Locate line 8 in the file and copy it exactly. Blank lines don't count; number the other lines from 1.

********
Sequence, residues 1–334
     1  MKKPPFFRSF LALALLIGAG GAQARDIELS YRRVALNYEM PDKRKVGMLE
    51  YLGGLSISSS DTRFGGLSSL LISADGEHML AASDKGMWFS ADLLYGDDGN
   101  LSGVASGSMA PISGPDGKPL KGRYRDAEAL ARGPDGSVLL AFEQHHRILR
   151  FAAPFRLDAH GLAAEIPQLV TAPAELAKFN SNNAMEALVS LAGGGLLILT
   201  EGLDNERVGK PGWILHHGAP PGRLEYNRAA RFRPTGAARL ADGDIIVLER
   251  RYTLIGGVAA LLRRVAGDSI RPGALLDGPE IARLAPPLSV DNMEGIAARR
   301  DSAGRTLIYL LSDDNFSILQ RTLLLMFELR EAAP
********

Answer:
   301  DSAGRTLIYL LSDDNFSILQ RTLLLMFELR EAAP